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Turkey: Religious Officials Criticized For Stance On Women

Women at a secularist rally in Turkey (AFP) "Women have to be more careful, since they possess stimulants," and they "have to be covered properly so as not to show their ornaments and figures to strangers."

Those are two of the controversial "dos" and "don'ts" given to Turkish women in the "Sexual Life" article that appeared last week on the website of Turkey's Directorate on Religious Affairs, the Diyanet.

It added that if women have to communicate to the opposite sex they "should speak in a manner that will not arouse suspicion in one's heart and in such seriousness and dignity that they will not let the opposite party misunderstand them."

Such proclamations about Muslim women and their behavior are part of a general catechism about Islam and society that the Diyanet publishes regularly.

But the Diyanet and its "Sexual Life" article have come under fierce criticism from Turkish secularists and feminist groups -- particularly as it equates flirting and dating to adultery and puts the responsibility for such things entirely on women.

The article also raised the ire of many Turks by warning that men and women not married to each other should not be seen together; discouraging women from working in mixed-gender workplaces; and claiming that it is "immoral" behavior for women to wear perfume outside the home.

Yusuf Kanli, a columnist with the pro-secular "Turkish Daily News," says the Diyanet's stance on women s similar to the views of the Taliban regime in Afghanistan: "Putting on perfume is a sin. Flirting is an indecent attitude. A man and a woman's going out together or walking in the street together is a sin."

The Diyanet was set up in 1924 and is a powerful institution that controls some 80,000 Turkish mosques -- appointing imams and drafting Friday Prayer speeches in a country where the constitution proclaims a separation between the state and religion.

Kanli tells RFE/RL that he finds it "incredible" that the state religious body issues a statement that "downgrades women and treats them as second-class citizens." He wonders how someone can "say something as ridiculous as this after 85 years" of secularism.

Kizbes Aydin, the head of the women's cultural group Cigle Evka2, has gone further, saying that the Diyanet's recommendation to separate men and women will incite violence against women.

Aydin was quoted as saying that religious authorities will "justify the implementation of violence [by a man against a woman] with excuses such as 'she was wearing perfume,' or 'she was dressed provocatively.'"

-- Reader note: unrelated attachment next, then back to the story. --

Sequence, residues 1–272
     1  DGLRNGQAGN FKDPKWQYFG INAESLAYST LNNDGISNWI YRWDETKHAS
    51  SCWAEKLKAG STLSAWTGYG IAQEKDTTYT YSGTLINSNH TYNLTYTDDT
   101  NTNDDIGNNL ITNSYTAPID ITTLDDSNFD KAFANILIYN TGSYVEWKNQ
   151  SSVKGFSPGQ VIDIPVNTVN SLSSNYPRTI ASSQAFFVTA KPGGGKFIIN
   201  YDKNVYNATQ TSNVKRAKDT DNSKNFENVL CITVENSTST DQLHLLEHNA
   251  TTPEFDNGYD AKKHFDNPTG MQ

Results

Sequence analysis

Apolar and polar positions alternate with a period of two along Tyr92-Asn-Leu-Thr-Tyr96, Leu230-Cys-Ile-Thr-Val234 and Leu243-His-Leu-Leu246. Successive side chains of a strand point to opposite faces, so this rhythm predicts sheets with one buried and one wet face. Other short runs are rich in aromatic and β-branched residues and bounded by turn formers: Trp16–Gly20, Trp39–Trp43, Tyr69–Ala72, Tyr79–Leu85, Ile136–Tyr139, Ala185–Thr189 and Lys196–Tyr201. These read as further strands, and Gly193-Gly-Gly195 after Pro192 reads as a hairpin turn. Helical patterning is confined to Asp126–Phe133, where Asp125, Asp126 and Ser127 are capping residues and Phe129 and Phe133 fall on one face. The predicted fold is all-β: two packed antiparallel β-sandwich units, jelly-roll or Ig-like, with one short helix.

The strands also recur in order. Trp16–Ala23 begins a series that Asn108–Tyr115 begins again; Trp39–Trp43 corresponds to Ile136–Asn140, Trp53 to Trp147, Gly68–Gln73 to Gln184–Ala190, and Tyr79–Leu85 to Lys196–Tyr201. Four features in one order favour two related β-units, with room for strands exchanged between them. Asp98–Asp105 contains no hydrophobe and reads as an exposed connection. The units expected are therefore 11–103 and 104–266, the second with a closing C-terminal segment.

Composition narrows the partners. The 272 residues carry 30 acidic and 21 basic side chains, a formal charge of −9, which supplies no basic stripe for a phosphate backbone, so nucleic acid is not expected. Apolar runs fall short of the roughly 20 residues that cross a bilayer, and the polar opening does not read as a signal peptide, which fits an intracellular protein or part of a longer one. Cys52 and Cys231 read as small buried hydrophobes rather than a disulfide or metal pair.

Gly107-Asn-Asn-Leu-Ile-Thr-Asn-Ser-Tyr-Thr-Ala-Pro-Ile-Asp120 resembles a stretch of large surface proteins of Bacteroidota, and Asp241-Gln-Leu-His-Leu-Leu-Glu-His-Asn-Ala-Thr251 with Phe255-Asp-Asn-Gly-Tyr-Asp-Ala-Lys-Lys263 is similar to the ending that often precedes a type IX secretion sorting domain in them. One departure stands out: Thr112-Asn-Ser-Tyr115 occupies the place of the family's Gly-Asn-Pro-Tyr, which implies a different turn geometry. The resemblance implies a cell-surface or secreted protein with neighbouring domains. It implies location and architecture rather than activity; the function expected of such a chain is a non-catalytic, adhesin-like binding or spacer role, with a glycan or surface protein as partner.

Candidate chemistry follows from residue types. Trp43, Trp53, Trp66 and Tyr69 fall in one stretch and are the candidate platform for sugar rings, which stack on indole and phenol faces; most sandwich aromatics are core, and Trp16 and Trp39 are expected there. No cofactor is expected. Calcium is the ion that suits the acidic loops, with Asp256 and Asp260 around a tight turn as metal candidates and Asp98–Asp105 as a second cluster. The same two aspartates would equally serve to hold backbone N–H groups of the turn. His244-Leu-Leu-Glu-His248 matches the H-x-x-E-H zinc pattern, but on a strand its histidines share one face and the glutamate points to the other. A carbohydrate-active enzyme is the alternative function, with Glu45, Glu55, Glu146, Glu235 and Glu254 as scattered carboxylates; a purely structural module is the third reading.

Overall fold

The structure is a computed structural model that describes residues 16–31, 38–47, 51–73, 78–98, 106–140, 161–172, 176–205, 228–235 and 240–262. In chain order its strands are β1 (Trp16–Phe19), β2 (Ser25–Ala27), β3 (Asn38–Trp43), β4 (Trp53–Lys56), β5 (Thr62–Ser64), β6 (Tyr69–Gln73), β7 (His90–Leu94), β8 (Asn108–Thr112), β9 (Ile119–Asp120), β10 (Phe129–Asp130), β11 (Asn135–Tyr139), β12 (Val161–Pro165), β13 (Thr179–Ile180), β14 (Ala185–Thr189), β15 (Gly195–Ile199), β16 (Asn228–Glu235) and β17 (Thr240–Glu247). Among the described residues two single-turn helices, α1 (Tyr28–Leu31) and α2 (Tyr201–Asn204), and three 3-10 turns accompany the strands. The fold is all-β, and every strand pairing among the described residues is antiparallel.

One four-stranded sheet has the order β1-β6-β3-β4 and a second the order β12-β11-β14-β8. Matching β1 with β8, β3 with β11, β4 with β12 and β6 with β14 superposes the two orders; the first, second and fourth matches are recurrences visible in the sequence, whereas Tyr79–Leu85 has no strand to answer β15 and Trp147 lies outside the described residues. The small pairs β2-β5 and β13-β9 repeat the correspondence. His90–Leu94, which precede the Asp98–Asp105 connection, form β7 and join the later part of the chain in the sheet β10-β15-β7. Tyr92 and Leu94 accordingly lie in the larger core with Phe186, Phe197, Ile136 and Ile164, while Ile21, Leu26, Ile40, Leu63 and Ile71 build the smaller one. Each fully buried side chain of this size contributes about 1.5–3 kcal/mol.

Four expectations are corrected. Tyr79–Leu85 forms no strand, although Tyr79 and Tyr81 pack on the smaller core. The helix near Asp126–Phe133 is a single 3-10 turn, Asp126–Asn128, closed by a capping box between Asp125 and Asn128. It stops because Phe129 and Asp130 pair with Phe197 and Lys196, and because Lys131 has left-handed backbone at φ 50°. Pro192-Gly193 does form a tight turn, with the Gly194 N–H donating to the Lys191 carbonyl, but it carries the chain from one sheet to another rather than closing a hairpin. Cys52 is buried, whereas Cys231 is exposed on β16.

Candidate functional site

On the use of perfume, the Diyanet's article said, "Our Prophet Muhammad did not think well of women who wore perfume and fragrances outside their homes and went on strolls, and saw this as immoral behavior."

Experts on Islam and the Hadith -- which is a collection of reports on the sayings and deeds ascribed to the Prophet Muhammad -- question that statement.

Nahde Bozkurt, a professor of the divinity faculty at Ankara University, tells RFE/RL that wearing perfume is essential for Muslims. "As a modern woman, I use perfume in order [not] to smell bad because to smell good is very important in Islam," she says.

There is also a hadith by Imam al-Termezi that says anointing oneself with perfume is one of the traditions Muslims should follow.

Bozkurt says that even if it is true that the Prophet Muhammad prohibited women to wear perfume outside their homes, "we should take into account the circumstances and cultural, sociopolitical conditions of the seventh century when the Prophet Muhammad said or did certain things."

Creeping Islamization?

Kanli of the "Turkish Daily News" says the Diyanet's article on women is the most recent sign of the government's attempts to strengthen the role of Islam in Turkish society.

Turkey has seen something of a revival of Islam in recent years. The trend has become particularly clear since the Islamic-rooted Justice and Development (AK) party came to power in 2002.

The AK party has been criticized by secularist forces in Turkey that accuse the ruling elite of having a hidden Islamist agenda.

Earlier this year, state prosecutors asked Turkey's Constitutional Court to ban AK for undermining the strict separation of religion and politics decreed in the country's constitution in the 1920s.

The indictment against the party is based on the constitutional amendment initiated by AK and added earlier this year that allows students to wear head scarves while attending university. Prosecutors asked the court to bar Prime Minister Recep Tayyip Erdogan, President Abdullah Gul, and dozens of other AK members from political activity.

On May 30, the case took a step forward when the prosecutor replied to the AK party's initial defense. A decision on the case is expected in a few months.

The secularist opposition Republican People's Party filed a separate case against the head-scarf amendment. The Constitutional Court is due to hear that complaint this week.

Referring to the wives of both Erdogan and Gul wearing head scarves, Kanli claims the "Islamization" of society as supported by the Turkish heads of state threatens the pillars of secularism and the republic itself.

"But, of course, if you have the first lady dressing up in an Islamic style -- [which is] incompatible with modernity -- if you have the prime minister's wife [dressed] in the same fashion, and all ministers' wives the same way, and if covering the head of a woman is a requirement for people to get appointed to senior government positions, or bureaucratic positions, we have a problem," he says.

"And that's what we have in Turkey. It's not about the turban at universities. It is a systematic move to Islamicize the state administration and a society in Turkey."

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